On those times I've had a chance to visit Orange County, my family and I have always dropped by Garden Grove Blvd. Koreatown, then driven the couple of long blocks down to Bolsa Ave. in Westminster. It's like getting immersed in two ongoing cultural festivals, right next to each other. Perhaps that really is the birthplace of the recent boom in Korean-Vietnamese culinary interchange. . .

. . .
Lá lôt resembles the betel leaf you described, but it's actually a wild betel leaf (Piper sarmentosum). Raw, it has an unusually cinnamon flavor that's a little medicinal. I've often been embarrassed to ask if a leaf is lá lôt and then get a response that the leaf is actually the betel for chewing.


Thanks for the correction on lá lôt - I suppose we should be happy that they don't use the kind for chewing!

. . .
You are very fortunate to have such a spot.


I certainly agree. Honolulu was not, interestingly enough, a central destination for the immigrants during the 1970s, but has recently experienced a major rise in its ethnic Vietnamese population. In particular, the local Chinatown district now boasts of a very large number of Vietnamese shops, primarily catering to the immigrant population.

Thanks again, Andrea for your great work in keeping us informed about Vietnamese food, both here and on Vietworldkitchen!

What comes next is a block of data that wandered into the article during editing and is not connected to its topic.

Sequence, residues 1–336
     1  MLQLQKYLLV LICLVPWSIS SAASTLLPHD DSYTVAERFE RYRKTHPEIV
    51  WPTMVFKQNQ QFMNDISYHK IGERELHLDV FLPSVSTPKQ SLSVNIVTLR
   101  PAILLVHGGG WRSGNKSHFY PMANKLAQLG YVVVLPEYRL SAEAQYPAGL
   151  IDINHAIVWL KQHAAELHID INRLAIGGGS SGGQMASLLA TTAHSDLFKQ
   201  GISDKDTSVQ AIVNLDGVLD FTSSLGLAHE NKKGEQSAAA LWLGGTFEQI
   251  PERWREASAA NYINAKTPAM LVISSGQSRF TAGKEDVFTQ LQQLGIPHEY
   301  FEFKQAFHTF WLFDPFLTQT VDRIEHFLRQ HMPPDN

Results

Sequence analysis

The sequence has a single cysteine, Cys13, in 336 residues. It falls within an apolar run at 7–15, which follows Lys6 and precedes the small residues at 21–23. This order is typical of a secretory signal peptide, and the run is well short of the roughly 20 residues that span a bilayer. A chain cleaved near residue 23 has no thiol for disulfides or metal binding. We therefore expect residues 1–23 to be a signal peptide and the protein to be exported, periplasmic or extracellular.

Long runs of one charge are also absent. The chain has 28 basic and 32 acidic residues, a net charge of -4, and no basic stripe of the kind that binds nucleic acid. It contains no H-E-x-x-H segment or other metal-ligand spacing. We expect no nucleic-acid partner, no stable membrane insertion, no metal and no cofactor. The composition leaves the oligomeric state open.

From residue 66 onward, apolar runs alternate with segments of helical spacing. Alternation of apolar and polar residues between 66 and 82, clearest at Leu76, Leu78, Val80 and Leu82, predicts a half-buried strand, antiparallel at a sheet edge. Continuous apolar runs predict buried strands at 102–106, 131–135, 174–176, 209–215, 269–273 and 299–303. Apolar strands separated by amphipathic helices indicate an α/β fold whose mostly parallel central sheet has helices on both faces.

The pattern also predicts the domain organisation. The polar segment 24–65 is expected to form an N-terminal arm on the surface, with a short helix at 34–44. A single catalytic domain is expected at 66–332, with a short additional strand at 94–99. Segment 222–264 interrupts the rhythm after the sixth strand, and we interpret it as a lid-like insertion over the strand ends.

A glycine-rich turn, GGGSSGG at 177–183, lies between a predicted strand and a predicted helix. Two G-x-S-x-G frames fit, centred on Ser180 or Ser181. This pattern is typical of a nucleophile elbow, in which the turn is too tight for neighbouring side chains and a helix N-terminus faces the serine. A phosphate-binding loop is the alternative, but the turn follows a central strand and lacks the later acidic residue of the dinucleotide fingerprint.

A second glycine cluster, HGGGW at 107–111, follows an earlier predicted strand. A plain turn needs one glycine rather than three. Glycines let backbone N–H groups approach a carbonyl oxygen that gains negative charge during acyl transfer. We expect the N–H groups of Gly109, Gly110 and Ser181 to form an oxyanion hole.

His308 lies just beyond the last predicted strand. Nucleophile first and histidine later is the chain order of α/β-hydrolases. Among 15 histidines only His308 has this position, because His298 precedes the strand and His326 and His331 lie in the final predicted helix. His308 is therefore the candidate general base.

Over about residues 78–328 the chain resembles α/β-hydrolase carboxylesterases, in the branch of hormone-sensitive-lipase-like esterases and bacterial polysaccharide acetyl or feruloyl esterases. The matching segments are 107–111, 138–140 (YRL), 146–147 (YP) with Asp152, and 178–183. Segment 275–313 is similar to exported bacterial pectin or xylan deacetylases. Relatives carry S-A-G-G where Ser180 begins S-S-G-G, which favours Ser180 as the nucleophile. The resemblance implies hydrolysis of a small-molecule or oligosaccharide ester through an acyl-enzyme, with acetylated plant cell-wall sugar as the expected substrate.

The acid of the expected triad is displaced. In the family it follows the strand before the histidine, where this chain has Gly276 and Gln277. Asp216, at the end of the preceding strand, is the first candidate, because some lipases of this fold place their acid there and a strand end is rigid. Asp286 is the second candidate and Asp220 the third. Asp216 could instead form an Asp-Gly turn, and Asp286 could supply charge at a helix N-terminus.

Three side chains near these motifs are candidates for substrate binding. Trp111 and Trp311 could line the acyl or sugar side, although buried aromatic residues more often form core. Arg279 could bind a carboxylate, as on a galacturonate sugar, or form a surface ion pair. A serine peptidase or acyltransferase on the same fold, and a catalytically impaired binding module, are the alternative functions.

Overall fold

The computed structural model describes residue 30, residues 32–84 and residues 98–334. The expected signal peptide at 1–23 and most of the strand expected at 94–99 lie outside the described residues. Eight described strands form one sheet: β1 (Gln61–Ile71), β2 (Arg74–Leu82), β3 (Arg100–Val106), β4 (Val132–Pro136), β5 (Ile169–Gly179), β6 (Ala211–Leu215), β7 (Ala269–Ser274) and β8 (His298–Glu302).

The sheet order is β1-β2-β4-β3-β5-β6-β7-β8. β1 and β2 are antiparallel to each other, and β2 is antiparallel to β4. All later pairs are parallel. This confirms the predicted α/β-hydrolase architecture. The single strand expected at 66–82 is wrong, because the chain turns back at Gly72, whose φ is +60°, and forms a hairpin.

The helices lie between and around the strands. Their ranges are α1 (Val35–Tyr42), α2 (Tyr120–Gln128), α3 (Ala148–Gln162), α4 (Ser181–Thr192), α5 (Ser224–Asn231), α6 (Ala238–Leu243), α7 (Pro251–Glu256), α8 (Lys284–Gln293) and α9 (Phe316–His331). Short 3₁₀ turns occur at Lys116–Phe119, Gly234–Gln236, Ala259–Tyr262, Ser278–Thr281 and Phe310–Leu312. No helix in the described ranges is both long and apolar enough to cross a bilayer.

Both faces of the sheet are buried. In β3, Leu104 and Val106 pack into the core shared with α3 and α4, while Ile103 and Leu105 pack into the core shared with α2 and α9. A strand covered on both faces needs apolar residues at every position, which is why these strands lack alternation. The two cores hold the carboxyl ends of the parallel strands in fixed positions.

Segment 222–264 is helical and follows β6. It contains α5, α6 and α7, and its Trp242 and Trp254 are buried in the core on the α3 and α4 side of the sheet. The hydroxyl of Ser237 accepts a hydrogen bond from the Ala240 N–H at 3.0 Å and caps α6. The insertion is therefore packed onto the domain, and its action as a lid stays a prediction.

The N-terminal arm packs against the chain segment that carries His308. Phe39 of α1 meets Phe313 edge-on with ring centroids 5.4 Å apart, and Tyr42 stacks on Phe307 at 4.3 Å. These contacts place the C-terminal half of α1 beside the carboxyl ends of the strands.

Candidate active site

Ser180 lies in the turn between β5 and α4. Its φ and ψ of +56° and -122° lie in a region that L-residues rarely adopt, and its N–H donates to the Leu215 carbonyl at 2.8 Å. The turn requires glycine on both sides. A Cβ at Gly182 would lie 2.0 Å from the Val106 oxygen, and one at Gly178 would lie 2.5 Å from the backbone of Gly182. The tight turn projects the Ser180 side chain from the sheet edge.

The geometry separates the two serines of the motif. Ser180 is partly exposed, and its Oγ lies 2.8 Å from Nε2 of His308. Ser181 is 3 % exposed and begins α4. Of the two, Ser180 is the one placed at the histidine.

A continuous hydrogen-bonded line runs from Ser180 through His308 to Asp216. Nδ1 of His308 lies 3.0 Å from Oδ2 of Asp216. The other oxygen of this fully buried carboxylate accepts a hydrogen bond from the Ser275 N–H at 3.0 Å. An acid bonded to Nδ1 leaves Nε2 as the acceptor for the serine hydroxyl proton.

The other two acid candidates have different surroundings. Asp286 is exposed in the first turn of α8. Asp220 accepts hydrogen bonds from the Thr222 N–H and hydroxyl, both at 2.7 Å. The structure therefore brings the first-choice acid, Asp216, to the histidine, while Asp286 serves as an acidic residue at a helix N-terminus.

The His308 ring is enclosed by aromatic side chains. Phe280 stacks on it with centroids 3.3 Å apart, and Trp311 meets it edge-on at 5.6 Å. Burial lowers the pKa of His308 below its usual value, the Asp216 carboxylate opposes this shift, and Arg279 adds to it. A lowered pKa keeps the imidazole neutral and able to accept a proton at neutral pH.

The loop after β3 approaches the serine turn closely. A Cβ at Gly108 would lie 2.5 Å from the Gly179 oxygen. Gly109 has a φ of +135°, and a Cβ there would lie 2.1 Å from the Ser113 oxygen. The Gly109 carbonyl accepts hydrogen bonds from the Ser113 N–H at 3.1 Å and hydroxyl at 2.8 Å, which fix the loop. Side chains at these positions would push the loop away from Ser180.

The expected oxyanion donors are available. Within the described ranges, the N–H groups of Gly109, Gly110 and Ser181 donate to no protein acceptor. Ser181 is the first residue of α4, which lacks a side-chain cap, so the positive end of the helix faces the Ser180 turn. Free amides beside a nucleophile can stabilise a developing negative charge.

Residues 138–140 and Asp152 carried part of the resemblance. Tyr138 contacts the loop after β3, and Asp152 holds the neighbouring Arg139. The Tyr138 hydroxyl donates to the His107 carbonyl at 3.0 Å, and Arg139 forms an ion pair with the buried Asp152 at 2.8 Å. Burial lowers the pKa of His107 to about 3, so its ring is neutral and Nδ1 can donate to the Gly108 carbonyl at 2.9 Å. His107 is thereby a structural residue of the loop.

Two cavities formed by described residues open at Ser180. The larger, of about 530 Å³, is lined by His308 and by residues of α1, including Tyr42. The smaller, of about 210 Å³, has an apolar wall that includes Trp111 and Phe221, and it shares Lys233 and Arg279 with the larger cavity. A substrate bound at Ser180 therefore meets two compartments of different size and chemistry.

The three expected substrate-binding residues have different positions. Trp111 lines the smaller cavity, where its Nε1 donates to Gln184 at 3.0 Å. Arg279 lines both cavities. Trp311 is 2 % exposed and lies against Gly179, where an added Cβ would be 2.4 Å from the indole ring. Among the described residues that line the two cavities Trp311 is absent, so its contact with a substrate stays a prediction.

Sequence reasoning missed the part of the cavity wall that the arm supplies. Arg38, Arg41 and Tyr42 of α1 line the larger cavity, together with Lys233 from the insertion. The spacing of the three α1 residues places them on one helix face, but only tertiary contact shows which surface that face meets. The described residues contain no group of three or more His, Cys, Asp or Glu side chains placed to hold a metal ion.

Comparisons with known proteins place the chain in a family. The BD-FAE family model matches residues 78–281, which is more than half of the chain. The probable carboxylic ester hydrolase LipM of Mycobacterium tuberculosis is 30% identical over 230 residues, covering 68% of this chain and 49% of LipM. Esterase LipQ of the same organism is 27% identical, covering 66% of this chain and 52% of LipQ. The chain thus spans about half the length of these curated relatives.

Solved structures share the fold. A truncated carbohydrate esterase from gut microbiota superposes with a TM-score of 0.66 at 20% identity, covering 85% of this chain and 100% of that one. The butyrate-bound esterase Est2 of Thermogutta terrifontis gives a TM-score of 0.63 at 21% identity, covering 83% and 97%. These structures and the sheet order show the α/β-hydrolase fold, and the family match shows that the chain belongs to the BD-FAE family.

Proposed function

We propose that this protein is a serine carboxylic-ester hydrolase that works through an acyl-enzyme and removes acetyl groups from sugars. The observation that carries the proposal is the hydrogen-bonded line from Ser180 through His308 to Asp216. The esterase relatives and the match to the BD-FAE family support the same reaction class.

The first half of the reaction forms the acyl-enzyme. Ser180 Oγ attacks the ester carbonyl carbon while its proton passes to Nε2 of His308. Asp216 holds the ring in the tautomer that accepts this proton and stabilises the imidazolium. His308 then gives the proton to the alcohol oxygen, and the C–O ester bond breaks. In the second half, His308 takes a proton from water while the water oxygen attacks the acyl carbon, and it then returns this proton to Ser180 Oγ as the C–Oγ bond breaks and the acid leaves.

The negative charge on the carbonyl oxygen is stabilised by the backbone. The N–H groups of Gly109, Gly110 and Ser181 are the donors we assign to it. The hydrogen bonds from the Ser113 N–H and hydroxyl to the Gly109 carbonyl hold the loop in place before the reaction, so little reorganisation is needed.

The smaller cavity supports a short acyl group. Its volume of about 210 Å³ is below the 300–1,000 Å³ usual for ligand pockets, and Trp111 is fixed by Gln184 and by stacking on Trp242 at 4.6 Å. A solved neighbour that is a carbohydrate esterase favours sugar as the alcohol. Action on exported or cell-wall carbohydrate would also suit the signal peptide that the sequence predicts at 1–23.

Sun-Ki

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http://www2.hawaii.edu/~sunki/

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#6 Andrea Nguyen

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Posted 26 July 2004 - 11:03 AM

Sun-Ki,

You're very welcome. I only briefly stopped in Hawaii enroute to the mainland when my family came to the U.S. from Vietnam. Maybe soon, I'll go on vacation there and know that there's decent Viet food to be had!

Thanks for pointing out the dish with the lamb. I really like lamb and will try making something Viet with it.

Keep eating, thinking, and writing,

Andrea
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Into the Vietnamese Kitchen: Treasured Foodways, Modern Flavors (Ten Speed Press, Oct. 2006)
Vietworldkitchen.com

#7 Andrea Nguyen

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Posted 26 July 2004 - 12:15 PM